No Ocean Necessary: A Tea Party in the Heartland

Approximately 2,500 citizens marched from Julia Davis to Capitol Park in Boise, Idaho, as part of the national grassroots tea party movement.

Many signs focused on big spending, big taxes, the dangers of socialism, out-of-control government growth, term limits, and concerns with runaway government. Some signs focused on preserving gun rights, border security, honoring the Tenth Amendment, and protecting state sovereignty. An even smaller number of signs spoke out against the Federal Reserve, abortion, and global warming.

It was all good according to Nate Shellman, a 670 KBOI drive-time radio host who emceed the first leg of the tea party at Ann Morrison Park in Boise. He noted, "You all have signs expressing what's on your mind." Shellman hailed the cornucopia of messages as a cherished American moment.

Boise's tea party was actually three rallies held in succession at Ann Morrison Park, Julia Davis Park, and Capitol Park, the latter being located across the street from Idaho's capitol, which is under renovation. Each location drew an even larger crowd than the last rally.

Chilly weather and even light rain did not deter the marchers. At Julia Davis, Reverend Bryan Fischer of the Idaho Values Alliance joked that it was raining because, "God knows we need water for our tea."

A spokesman for Senator Mike Crapo (R-ID) forwarded along the senator's best wishes for the event at Julia Davis via an official representative. Congressman Mike Simpson (R-ID), who recently wrote an op-ed in the Idaho Statesman praising the numerous earmarks he brought home to Idaho, sent along a letter expressing his support for the tea party.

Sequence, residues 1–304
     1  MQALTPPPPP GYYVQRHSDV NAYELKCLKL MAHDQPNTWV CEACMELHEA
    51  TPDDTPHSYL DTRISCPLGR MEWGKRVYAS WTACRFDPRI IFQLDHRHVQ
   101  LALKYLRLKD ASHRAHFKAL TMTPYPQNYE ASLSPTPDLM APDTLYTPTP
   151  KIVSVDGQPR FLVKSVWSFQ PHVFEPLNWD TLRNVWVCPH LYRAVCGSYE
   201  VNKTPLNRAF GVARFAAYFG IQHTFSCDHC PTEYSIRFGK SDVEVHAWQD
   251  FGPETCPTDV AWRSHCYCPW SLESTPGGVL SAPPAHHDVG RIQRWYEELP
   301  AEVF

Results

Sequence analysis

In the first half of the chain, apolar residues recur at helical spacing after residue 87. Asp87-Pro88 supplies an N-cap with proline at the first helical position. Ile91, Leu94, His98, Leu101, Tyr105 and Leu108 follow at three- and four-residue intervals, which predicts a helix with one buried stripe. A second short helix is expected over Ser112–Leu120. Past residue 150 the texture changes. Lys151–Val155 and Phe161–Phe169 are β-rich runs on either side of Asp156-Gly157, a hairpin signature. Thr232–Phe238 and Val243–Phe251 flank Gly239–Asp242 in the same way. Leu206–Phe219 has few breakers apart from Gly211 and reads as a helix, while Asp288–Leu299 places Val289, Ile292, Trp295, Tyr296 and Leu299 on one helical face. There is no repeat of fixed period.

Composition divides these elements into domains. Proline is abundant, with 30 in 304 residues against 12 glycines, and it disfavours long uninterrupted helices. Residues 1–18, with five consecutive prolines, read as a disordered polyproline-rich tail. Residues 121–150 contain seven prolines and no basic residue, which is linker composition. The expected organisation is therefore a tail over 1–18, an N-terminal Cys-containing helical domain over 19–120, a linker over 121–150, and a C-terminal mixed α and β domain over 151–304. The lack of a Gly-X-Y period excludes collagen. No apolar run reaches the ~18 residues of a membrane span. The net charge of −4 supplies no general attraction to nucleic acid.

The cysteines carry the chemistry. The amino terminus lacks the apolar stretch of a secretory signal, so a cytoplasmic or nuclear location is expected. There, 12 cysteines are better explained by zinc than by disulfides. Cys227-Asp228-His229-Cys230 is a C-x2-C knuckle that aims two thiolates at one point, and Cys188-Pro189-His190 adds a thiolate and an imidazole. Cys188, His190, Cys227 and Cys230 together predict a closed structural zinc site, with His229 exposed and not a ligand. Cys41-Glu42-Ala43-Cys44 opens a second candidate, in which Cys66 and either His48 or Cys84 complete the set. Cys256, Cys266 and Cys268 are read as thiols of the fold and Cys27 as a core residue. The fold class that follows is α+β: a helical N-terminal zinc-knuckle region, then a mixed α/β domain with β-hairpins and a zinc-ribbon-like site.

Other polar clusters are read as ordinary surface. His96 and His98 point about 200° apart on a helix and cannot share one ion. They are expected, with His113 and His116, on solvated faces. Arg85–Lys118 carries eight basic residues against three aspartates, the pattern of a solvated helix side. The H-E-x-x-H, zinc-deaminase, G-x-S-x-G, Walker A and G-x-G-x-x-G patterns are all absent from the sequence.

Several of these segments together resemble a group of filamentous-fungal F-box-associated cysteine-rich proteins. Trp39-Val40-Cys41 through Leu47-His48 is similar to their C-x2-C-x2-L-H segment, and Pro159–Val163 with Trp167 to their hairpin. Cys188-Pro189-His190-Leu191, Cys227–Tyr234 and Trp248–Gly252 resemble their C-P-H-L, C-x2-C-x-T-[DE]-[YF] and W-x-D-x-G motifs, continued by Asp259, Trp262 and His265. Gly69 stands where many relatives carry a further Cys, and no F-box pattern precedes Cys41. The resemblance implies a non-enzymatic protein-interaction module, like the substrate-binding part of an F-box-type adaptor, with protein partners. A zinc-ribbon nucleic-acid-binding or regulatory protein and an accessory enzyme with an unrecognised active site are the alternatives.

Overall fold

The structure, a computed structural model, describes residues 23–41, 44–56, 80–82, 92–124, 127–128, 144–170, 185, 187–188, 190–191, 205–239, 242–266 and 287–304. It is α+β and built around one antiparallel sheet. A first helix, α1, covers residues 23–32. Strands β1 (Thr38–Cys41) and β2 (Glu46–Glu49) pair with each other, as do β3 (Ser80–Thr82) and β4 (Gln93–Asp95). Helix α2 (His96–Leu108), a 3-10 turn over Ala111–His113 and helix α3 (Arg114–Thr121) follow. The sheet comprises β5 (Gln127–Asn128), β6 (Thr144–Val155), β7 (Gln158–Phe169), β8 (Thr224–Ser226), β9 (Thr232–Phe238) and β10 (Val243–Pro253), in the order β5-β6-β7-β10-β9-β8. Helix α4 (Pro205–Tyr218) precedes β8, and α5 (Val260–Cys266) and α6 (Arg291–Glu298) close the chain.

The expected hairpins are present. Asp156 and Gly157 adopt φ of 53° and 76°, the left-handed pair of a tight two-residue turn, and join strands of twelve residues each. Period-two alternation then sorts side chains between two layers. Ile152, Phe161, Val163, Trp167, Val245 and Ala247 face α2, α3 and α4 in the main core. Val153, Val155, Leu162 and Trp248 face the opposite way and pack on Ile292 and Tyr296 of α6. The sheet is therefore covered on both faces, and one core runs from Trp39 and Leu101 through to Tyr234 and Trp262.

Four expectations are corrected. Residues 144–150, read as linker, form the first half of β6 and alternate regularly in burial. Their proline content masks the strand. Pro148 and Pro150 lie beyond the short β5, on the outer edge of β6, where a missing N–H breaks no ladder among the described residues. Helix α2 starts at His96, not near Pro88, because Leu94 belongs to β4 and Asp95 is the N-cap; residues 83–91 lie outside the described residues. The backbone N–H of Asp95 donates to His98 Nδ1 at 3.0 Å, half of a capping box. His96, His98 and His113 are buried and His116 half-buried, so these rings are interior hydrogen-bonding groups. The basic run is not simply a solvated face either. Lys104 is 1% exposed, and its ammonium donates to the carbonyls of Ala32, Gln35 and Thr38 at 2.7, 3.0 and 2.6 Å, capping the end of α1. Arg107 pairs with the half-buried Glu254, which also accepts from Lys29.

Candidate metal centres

At the Capitol Park rally, former elk rancher and 2008 Independent U.S. Senate candidate Rex Rammel threw his hat into the ring to challenge Simpson in the 2010 Republican primary. He opened with a strong plea for state sovereignty. "Today, the battle to challenge the federal government's usurpation of states' rights begins."

Four state legislators also spoke at Capitol Park. Nine-term Idaho Representative Lenore Barrett (R-Challis) was once described as a potential slam poetry champion by Idaho Senator Nicole LeFavour (D-Boise), herself a former slam poetry slam contestant. The crowd at Capitol Park got to judge for themselves, as Barrett laid out a rapid, clear, and concise conservative program in less than five minutes.